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Research articles

Chaigne, A., Smith, M.B., Lopez Cavestany, R., Hannezo, E., Chalut, K.J., and Paluch, E.K. (2021). Three-dimensional geometry controls division symmetry in stem cell colonies. Journal of Cell Science 134, jcs255018.

We use mouse embryonic stem cells (ESCs), which grow in 3D colonies, as a model to investigate the control of daughter cell size after division in 3D. We show that, at the periphery of 3D colonies, ESCs display high spindle mobility and divide asymmetrically. Our data suggest that enhanced spindle movements are due to unequal distribution of the cell–cell junction protein E-cadherin between future daughter cells. Interestingly, when cells progress towards differentiation, division becomes more symmetric, with more elongated shapes in metaphase and enhanced cortical NuMA recruitment in anaphase. Altogether, this study suggests that in 3D contexts, the geometry of the cell and its contacts with neighbors control division orientation and symmetry.

Chaigne, A., Labouesse, C., White, I.J., Agnew, M., Hannezo, E., Chalut, K.J., and Paluch, E.K. (2020). Abscission Couples Cell Division to Embryonic Stem Cell Fate. Developmental Cell.

In naïve mouse embryonic stem cells, sister cells remain connected for a long time with a cytoplasmic tubulin bridge after cell division. These bridges prevent precocious exit from pluripotency. Upon triggering exit from pluripotency, abscission of the bridges is accelerated correlating with downregulation of pluripotency factors after cell division. Precocious bridge severing accelerates exit from naive pluripotency.

Chaigne, A., C. Labouesse, M. Agnew, E. Hannezo, K.J. Chalut, and E.K. Paluch. 2019. Abscission couples cell division to embryonic stem cell fate. bioRxiv. (now published in part at Dev Cell and in part in JCS)

Dimitracopoulos, A., Srivastava, P., Chaigne, A., Win, Z., Shlomovitz, R., Lancaster, O.M., Le Berre, M., Piel, M., Franze, K., Salbreux, G., et al. (2020). Mechanochemical Crosstalk Produces Cell-Intrinsic Patterning of the Cortex to Orient the Mitotic Spindle. Current Biology.

The mitotic spindle and the spindle positioning force generators (LGN/NuMA/Gai in HeLA cells) have a dynamic cross talk that allow the positioning of the spindle according to the interphase cell long axis without the need for external cues during cell division.

Bennabi, I., Crozet, F., Nikalayevich, E., Chaigne, A., Letort, G., Manil-Ségalen, M., Campillo, C., Cadart, C., Othmani, A., Attia, R., et al. (2020). Artificially decreasing cortical tension generates aneuploidy in mouse oocytes. Nature Communications 11.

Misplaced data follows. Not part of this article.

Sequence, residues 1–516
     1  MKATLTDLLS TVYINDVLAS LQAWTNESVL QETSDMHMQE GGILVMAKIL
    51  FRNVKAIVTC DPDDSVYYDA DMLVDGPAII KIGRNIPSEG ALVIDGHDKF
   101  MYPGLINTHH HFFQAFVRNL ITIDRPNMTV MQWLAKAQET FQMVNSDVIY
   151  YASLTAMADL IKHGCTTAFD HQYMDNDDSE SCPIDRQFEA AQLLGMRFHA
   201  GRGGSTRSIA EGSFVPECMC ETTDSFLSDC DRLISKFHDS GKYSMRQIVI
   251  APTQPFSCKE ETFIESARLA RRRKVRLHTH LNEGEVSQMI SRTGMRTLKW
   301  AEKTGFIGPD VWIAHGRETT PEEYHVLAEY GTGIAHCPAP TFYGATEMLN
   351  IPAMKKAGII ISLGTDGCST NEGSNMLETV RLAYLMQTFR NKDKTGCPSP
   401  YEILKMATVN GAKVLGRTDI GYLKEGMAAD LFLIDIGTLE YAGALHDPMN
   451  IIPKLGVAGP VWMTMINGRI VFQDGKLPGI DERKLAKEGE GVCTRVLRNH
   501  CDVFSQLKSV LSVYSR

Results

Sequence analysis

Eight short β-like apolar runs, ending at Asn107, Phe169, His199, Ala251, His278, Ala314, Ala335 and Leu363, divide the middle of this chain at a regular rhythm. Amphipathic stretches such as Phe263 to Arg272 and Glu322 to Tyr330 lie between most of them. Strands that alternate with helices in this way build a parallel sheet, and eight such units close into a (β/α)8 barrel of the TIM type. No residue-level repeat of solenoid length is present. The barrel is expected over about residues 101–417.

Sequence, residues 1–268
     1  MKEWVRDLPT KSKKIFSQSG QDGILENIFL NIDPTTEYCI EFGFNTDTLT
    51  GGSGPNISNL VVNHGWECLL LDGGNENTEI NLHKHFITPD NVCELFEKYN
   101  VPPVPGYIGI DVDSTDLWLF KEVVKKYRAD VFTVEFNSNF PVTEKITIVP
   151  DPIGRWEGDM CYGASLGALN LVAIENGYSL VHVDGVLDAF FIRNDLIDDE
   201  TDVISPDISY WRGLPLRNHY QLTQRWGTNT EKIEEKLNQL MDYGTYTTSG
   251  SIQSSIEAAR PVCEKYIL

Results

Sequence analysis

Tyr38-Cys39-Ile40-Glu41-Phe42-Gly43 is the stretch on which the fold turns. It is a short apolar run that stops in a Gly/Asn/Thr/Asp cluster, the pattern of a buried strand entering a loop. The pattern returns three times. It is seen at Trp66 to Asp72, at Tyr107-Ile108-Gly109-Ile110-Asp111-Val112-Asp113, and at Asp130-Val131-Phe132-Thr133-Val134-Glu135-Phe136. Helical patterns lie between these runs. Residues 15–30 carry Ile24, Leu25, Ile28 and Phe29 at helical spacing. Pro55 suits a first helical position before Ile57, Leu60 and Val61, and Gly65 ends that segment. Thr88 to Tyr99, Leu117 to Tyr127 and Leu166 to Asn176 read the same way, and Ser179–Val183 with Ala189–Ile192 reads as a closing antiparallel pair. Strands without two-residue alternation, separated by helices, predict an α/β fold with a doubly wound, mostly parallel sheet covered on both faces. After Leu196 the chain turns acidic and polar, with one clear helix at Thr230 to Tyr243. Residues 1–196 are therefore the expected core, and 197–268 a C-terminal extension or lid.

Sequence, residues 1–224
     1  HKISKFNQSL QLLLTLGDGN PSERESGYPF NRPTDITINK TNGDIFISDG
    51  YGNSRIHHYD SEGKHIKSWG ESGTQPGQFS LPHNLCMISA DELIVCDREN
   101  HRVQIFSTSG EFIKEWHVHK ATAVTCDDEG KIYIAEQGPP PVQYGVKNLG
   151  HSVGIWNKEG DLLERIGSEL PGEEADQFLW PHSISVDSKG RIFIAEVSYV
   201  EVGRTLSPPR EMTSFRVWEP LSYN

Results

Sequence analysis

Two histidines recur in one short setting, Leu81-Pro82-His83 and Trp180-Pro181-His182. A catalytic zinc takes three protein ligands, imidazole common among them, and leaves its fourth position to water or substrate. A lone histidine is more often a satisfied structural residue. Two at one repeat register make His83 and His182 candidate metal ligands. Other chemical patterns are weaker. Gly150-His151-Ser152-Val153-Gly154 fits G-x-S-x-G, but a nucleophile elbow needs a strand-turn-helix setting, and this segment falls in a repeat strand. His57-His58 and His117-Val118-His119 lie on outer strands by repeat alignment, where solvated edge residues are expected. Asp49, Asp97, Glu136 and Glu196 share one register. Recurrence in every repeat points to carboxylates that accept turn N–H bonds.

When mouse oocyte do not regulate their cortex tension properly and display a low cortex tension, the chromosomes do not align properly at metaphase, leading to aneuploidy. This is due to an increase in cytoplasmic Myosin-II activity,

Smith, M. B., Chaigne, A. & Paluch, E. K. (2016). An active contour ImageJ plugin to monitor daughter cell size in 3D during cytokinesis. In Methods in Cell Biology.

Here we describe an active contour based plugin for Fiji and ImageJ that allows a meshwork segmentation of 3D volumes, in particular applicable to mesure cell volume during cell division.

Chaigne, A., Campillo, C., Voituriez, R., Gov, N.S., Sykes, C., Verlhac, M.-H., and Terret, M.-E. (2016). F-actin mechanics control spindle centring in the mouse zygote. Nat. Commun. 7, 10253.

During the first division of the mouse embryo after in vitro fertilization, the spindle needs to assemble and position without centrioles or astral microtubules. Here we show that the motion of the 2 sets of DNA towards the centre of the cell is actin dependent, the merging of the 2 sets of chromosomes depends on microtubules and the maintainance of the spindle at the centre of the cell depends on a high cortex tension.

Chaigne, A., Campillo, C., Gov, N.S., Voituriez, R., Sykes, C., Verlhac, M.H., and Terret, M.E. (2015). A narrow window of cortical tension guides asymmetric spindle positioning in the mouse oocyte. Nat. Commun. 6, 6027.

Here we show via theoretical modeling and experiments that a small intermediate window of cortex tension is required to allow the spindle to position at the periphery of the cell. if the tension is too high, the spindle stays at the centre of the cell. If the tension is too low, the cortex cannot sustain pulling forces and the spindle cannot migrate either, Only with an intermediate tension can the deformation of the cortex amplify an initial umbalance of forces. We demonstrate that nucleating a thick cortex is sufficient to exclude Myosin-II from the cortex and allow this intermediate tension to be achieved.

Chaigne, A., Campillo, C., Gov, N.S.*, Voituriez, R.*, Azoury, J., Umaña-Diaz, C., Almonacid, M., Queguiner, I., Nassoy, P., Sykes, C., Verlhac, M.-H., Terret, M.-E., 2013. A soft cortex is essential for asymmetric spindle positioning in mouse oocytes. Nat. Cell Biol. 15, 958–966.  

In mouse oocytes, the spindle has to migrate to the periphery of the cell to allow an asymmetric division. Here we show that spindle migration depends on the softening of the cortex, which is due to the nucleation of a thick actin cortex. The branched actin nucleator Arp2/3 is responsible for the nucleation of the cortex under the dependence of the MAPKKK Mos, and in turns allows the exclusion of Myosin-II from the cortex and cortex softening.

Rotation of a 3D segmentation of a colony of mouse embryonic stem cells.
Colony of naïve stem embryonic stem cells with bridges connecting sister cells (microtubules (a-Tubulin): black; midbody (CRIK): red).)

3D segmentation of a colony of mouse Embryonic Stem Cells

Mouse ooycte at the end of spindle migration and before asymmetric division (actin: orange)

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